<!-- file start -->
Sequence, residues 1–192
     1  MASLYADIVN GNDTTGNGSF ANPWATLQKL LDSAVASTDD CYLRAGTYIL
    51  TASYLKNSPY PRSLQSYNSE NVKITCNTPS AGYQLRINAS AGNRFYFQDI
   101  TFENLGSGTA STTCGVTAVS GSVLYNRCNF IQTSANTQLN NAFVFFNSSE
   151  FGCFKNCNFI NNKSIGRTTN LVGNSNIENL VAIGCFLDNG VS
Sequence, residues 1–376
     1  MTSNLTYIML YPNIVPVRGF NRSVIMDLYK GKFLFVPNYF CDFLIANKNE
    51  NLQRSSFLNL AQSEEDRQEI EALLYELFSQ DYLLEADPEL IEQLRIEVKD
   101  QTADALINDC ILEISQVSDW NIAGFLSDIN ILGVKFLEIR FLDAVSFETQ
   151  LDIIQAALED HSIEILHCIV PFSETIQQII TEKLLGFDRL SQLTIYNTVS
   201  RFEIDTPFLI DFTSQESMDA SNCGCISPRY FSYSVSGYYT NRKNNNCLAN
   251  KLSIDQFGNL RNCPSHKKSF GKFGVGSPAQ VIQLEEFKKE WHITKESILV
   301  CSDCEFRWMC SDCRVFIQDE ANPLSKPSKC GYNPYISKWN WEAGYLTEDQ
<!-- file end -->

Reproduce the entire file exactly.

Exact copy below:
Sequence, residues 1–192
     1  MASLYADIVN GNDTTGNGSF ANPWATLQKL LDSAVASTDD CYLRAGTYIL
    51  TASYLKNSPY PRSLQSYNSE NVKITCNTPS AGYQLRINAS AGNRFYFQDI
   101  TFENLGSGTA STTCGVTAVS GSVLYNRCNF IQTSANTQLN NAFVFFNSSE
   151  FGCFKNCNFI NNKSIGRTTN LVGNSNIENL VAIGCFLDNG VS
Sequence, residues 1–376
     1  MTSNLTYIML YPNIVPVRGF NRSVIMDLYK GKFLFVPNYF CDFLIANKNE
    51  NLQRSSFLNL AQSEEDRQEI EALLYELFSQ DYLLEADPEL IEQLRIEVKD
   101  QTADALINDC ILEISQVSDW NIAGFLSDIN ILGVKFLEIR FLDAVSFETQ
   151  LDIIQAALED HSIEILHCIV PFSETIQQII TEKLLGFDRL SQLTIYNTVS
   201  RFEIDTPFLI DFTSQESMDA SNCGCISPRY FSYSVSGYYT NRKNNNCLAN
   251  KLSIDQFGNL RNCPSHKKSF GKFGVGSPAQ VIQLEEFKKE WHITKESILV
   301  CSDCEFRWMC SDCRVFIQDE ANPLSKPSKC GYNPYISKWN WEAGYLTEDQ